Bruce Levell on Bias in the Sedimentary Record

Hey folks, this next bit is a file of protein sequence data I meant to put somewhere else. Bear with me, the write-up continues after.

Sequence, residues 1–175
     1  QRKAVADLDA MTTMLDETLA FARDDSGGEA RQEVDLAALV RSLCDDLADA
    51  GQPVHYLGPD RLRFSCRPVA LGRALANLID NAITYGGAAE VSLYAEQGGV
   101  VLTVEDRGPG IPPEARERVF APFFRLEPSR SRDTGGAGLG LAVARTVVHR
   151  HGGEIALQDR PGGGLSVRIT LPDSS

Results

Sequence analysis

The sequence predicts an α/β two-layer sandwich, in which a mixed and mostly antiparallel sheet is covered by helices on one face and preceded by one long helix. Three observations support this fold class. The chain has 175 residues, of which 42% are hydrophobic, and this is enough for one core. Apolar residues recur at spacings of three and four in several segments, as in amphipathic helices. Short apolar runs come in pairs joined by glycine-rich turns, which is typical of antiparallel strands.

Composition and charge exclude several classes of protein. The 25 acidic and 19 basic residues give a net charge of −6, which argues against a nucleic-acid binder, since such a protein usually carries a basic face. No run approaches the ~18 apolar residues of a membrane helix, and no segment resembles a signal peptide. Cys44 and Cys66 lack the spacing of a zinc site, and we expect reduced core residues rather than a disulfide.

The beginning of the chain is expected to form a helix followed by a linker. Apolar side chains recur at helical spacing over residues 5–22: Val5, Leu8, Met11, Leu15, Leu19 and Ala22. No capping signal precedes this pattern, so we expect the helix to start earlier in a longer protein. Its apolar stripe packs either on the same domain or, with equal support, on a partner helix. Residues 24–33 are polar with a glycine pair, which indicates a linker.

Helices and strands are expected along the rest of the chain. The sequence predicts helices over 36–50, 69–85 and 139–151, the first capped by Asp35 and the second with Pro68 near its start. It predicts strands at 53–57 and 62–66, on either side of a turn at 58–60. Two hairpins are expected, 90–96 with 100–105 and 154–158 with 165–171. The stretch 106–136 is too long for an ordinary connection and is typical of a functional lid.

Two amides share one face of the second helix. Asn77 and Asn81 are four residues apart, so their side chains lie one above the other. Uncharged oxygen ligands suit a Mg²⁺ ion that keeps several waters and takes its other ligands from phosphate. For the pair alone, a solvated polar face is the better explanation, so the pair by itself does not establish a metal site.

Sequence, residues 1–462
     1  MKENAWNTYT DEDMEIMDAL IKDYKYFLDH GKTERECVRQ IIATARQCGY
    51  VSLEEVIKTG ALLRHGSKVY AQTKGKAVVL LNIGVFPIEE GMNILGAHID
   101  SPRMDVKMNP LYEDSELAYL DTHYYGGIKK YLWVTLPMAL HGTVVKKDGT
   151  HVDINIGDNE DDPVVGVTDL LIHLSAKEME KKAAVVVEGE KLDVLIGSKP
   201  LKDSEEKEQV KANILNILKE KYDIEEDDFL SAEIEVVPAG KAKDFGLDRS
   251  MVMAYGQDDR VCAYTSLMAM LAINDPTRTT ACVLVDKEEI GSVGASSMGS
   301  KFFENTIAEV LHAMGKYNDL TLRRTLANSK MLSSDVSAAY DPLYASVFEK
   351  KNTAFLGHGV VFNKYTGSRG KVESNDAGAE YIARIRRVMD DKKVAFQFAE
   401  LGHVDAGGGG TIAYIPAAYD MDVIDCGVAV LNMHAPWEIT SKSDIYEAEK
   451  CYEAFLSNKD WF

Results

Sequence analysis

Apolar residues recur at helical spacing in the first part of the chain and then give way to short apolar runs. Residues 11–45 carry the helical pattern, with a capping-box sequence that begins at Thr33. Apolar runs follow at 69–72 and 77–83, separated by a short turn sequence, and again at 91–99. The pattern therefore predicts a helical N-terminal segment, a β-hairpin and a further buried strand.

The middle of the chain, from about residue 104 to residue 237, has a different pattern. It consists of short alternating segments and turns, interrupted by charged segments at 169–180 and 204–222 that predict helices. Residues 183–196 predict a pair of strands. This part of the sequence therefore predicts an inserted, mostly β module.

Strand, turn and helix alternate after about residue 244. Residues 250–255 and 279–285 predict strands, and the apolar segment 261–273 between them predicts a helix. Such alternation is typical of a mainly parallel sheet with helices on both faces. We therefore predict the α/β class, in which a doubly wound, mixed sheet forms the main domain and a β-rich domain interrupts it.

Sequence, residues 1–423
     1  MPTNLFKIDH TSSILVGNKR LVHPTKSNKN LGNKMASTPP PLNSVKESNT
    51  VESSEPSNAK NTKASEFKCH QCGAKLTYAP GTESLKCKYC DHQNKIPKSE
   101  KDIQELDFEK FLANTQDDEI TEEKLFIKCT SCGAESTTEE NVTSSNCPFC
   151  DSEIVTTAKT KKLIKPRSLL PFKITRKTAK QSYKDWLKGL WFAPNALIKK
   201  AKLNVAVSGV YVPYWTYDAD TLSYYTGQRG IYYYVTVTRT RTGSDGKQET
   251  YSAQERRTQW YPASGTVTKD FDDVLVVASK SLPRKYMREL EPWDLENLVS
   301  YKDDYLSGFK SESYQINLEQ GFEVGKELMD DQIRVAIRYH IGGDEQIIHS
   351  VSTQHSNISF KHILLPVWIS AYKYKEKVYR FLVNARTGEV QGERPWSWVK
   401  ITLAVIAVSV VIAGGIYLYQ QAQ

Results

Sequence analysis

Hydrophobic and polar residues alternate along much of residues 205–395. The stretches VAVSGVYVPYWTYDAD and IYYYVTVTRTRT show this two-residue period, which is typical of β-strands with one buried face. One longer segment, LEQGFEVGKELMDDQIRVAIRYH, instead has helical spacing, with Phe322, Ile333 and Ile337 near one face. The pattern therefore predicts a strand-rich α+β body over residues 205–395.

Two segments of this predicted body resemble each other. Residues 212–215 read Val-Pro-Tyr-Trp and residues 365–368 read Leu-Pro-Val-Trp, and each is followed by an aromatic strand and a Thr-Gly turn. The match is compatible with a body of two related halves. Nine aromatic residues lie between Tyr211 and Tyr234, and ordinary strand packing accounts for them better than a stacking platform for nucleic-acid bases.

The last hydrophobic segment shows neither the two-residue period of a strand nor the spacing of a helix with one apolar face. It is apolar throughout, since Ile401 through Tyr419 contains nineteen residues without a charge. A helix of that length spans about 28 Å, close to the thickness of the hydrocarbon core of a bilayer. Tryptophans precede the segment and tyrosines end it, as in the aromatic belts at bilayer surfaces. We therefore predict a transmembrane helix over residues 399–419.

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How can we tell if the sedimentary record is good enough to make solid inferences about the geological past? After all, it can be difficult, or even impossible, to infer what is missing, or indeed whether anything is missing at all. As he explains in the podcast, Bruce Levell tackles this question by combining fieldwork with systematic analysis based on what we know about contemporary deposition and erosion. Armed with an understanding of preservational bias, he questions the confidence with which some widely held interpretations of the sedimentary record have been made. For example, by analyzing sequences of glacially-deposited rocks in southwest Scotland, he has shown with others that, contrary to the “Hard Snowball Earth” hypothesis, parts of the Earth probably experienced a persistently active hydrological cycle and were not simply fully-frozen, at least during the earlier of the two postulated snowball glaciations. Bruce Levell is a Visiting professor in the Department of Earth Sciences at the University of Oxford. Previously, he was Chief Scientist for Geology at Royal Dutch Shell.
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